## Abstract

The Austrian theory of entrepreneurship emphasizes the importance of epistemic heterogeneity and the unlistability of the set of all possibilities. A similar concern with what has been called “the art of choosing the space of possibilities” is an important part of Bayesian model selection. Both Austrian and Bayesian authors view the common knowledge assumption as an unrealistic and unnecessary restriction. This coincidence of concerns leads to a joint theory of entrepreneurship. Three important benefits result from this merger: (1) the ability to use Itti & Baldi’s Bayesian theory of surprise to empirically measure radical surprise and improve the Betrand competition model as a consequence, (2) dealing with the unlistability problem, and (3) better understanding why the emergence of common knowledge is always the outcome of a social process rather than an inherent consequence of “rationality”.

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## Notes

The logarithm is taken in base 2 in order to measure the quantity of information in bits.

The three steps are not necessarily performed by the same person within the firm (e.g. the manager). For example, step (1) may be made within either the R&D or the marketing department, step (2) is a managerial task per se, and step (3) is an entrepreneurial task most closely associated to the owners of the firm.

although even this is can be doubted in the light of the heuristics literature (Gigerenzer et al. 1999)

The rigorous form of Bayes’ formula is the following: \( p\left( {\left. x \right|I,X} \right)={{{p\left( {\left. x \right|X} \right)p\left( {\left. I \right|x,X} \right)}} \left/ {{p\left( {\left. I \right|X} \right)}} \right.} \). However, it is often written in abbreviated form as \( p\left( {\left. x \right|I,X} \right)={{{p(x)p\left( {\left. I \right|x} \right)}} \left/ {p(I) } \right.} \), which masks to some extent the subjectivity involved, in particular it creates the illusion that the likelihood,

*p*(*I*|*x*,*X*), doesn’t depend on one’s background assumptions*X*, but describes instead an objective relation between the new data*I*and the variable of interest*x*.

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## Acknowledgments

I have received very useful feedback on earlier versions of the paper from Dragos Paul Aligica, Simon Bilo, Peter Boettke, Bryan Caplan, Robert Cavender, Chris Coyne, Thomas Duncan, Jesse Gastelle, Laura Grube, Dave Hebert, Ryan Langrill, Peter Leeson, Jayme Lemke, William Luther, Lotta Moberg, Kyle O’Donnell, Shruti Rajagopalan, Alexander Salter, Solomon Stein, Virgill Storr, Jessi Troyan, and an anonymous reviewer.

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## Annex: probability assignments and background assumptions

### Annex: probability assignments and background assumptions

This annex provides a simple example illustrating (1) that different background assumptions lead to different probability assignments of the same event, and (2) the rational expectations prediction is inferior to the general Bayesian method.

Suppose we have a die with an unknown number of sides, and we know from a series of throws that “1” has appeared once, “2” five times, and “3” four times (this is our data). From a rational expectations perspective, the probability distribution is \( p(x)=\frac{n_x }{n} \), where *n*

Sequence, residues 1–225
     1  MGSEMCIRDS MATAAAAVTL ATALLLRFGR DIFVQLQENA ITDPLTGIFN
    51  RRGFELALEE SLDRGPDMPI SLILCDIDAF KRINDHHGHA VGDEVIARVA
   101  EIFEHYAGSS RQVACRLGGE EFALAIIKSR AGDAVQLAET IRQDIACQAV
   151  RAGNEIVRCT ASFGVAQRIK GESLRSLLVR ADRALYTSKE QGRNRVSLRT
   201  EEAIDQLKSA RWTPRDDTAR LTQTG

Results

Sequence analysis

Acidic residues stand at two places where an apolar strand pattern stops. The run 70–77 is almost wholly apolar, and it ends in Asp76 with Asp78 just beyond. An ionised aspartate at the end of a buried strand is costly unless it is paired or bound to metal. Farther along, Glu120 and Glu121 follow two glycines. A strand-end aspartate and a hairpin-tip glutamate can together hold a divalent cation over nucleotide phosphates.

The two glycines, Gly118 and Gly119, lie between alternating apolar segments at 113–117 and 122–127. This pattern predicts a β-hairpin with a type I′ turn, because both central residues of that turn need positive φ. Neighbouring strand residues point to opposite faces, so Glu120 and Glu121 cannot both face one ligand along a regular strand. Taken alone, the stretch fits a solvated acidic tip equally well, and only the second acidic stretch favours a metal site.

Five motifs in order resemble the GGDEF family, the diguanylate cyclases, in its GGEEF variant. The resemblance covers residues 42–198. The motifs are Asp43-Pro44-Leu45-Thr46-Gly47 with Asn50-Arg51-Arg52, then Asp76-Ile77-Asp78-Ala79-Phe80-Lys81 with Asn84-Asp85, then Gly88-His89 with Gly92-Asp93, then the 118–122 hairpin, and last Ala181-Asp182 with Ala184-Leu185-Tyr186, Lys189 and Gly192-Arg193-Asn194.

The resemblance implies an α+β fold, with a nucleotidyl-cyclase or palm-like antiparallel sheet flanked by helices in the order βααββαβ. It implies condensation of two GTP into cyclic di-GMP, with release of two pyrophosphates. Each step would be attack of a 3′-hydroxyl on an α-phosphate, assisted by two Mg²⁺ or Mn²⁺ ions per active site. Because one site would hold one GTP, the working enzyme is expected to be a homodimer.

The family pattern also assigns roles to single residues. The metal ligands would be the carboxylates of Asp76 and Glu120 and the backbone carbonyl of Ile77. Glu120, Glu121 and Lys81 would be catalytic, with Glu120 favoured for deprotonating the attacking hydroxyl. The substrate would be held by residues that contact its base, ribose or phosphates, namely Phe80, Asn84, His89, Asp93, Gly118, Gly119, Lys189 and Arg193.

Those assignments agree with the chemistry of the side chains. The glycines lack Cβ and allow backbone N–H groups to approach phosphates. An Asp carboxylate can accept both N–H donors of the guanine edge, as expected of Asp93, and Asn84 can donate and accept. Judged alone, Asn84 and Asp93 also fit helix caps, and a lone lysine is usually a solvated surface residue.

_{
x
} is the number of times *x* happened, and *n* is the total number of draws (1 + 5 + 4 = 10). By contrast, from a Bayesian perspective, which incorporates all kinds of information, we know, first of all, that the die, as a three-dimensional object, has to have at least four sides. Furthermore, when we start with the principle of indifference assumption of equal prior probabilities, and we then update using Bayes formula and the given data, we arrive at Laplace’s rule of succession: \( p(x)=\frac{{n_x +1}}{n+N } \), where *N* is the assumed total number of sides (Jaynes 2003: eq. 18.44). The comparative results are presented in Table 1 and Fig. 1.

As it should be obvious, the Bayesian answers are superior to the rational expectations answer because the rational expectations answer *assumes something which is not actually given*, namely that it is *impossible* for side 4 to happen anytime in the future. The rational expectations perspective effectively bans us from taking into consideration the relevant information that we’re dealing with a three-dimensional object.

Moreover, the different Bayesian predictions, relying on different assumptions about *N*, highlight that the exact numeric values of the probability distribution, even in this case of a repeated experiment under homogenous conditions, critically depend on our theoretical assumption about the set of possibilities. Given that such complications appear even in the simplest examples, we see why Bayesians emphasize that there’s no escape from the conditional nature of all probabilities.

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Tarko, V. Can probability theory deal with entrepreneurship?.
*Rev Austrian Econ* **26**, 329–345 (2013). https://doi.org/10.1007/s11138-012-0193-5

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DOI: https://doi.org/10.1007/s11138-012-0193-5